Richard Preston’s The Wild Trees is non-fiction, which seems clear enough, and you will get from it what you get from great non-fiction, a deeper understanding of a well-defined topic, in this case the exploration of the world’s tallest trees, the California Redwoods, how they came to be so rare (spoiler: humans), what makes them so unique among the Earth’s flora, and how we learned what we know about them.
If that’s all you were going to get from this book, it would be worth reading. As organisms, California’s coastal Redwoods stand apart from most others. They are older, the oldest sprouting from seed more than a millenium ago. They harbor as yet uncounted species in a wholly separate forest top ecosystem. They survive fires. They sometimes have caves inside them. They move water from the ground to thirty stories in the sky. They have other trees growing in them. Really, each redwood is like a forest unto itself.
As I said, if that’s all you were going to learn, this would be a book worth reading.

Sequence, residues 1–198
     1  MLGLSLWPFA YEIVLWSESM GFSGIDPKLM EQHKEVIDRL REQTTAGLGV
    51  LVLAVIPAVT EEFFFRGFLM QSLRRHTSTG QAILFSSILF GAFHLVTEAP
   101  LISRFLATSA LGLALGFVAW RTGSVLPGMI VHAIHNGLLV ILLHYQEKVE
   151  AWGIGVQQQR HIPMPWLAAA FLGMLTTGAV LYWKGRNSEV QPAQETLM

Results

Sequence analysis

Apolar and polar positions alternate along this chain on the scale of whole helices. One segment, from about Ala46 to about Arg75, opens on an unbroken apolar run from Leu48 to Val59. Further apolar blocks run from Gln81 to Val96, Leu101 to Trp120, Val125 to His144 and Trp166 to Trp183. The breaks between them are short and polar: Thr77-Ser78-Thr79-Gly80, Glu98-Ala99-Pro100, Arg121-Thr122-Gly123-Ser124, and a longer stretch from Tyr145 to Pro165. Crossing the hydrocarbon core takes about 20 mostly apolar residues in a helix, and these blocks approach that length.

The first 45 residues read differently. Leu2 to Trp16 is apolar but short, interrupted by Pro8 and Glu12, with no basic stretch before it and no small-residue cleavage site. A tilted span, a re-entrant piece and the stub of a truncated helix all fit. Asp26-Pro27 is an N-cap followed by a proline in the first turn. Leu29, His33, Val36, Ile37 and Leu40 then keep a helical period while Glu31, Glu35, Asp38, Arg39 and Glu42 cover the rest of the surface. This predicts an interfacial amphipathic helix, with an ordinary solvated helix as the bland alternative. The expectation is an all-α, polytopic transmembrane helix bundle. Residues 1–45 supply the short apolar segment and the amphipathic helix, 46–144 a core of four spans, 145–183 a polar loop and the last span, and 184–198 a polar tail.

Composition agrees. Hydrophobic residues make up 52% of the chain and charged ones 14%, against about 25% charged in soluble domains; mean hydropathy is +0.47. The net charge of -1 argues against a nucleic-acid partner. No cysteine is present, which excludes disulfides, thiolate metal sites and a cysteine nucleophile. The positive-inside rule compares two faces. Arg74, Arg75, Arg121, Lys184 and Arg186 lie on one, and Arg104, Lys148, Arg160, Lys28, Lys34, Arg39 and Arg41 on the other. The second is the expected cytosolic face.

But Preston is of the John McPhee school, a writer who brings his subject to life with minutely described, character-driven prose. In The Wild Trees, the Redwoods themselves are characters, but the hodge-podge of scientists and amateur tree obsessives also have their own story arcs, one that mirrors the process of discovery that took place only recently on the California coast.
There’s some swashbuckling. There’s some relationship drama. There are tragedies, as when ancient trees topple in storms, and epiphanies, as when a guy who repairs the machines that produce nicotine patches, discovers the tallest tree on Earth after a years-long quest to do exactly that.
For people who love trees, for people who love adventure, for people who love science, for people who love the idea of climbing trees and flying through the air, for people who like to be awed, for people who love a page-turner, this is a book worth reading.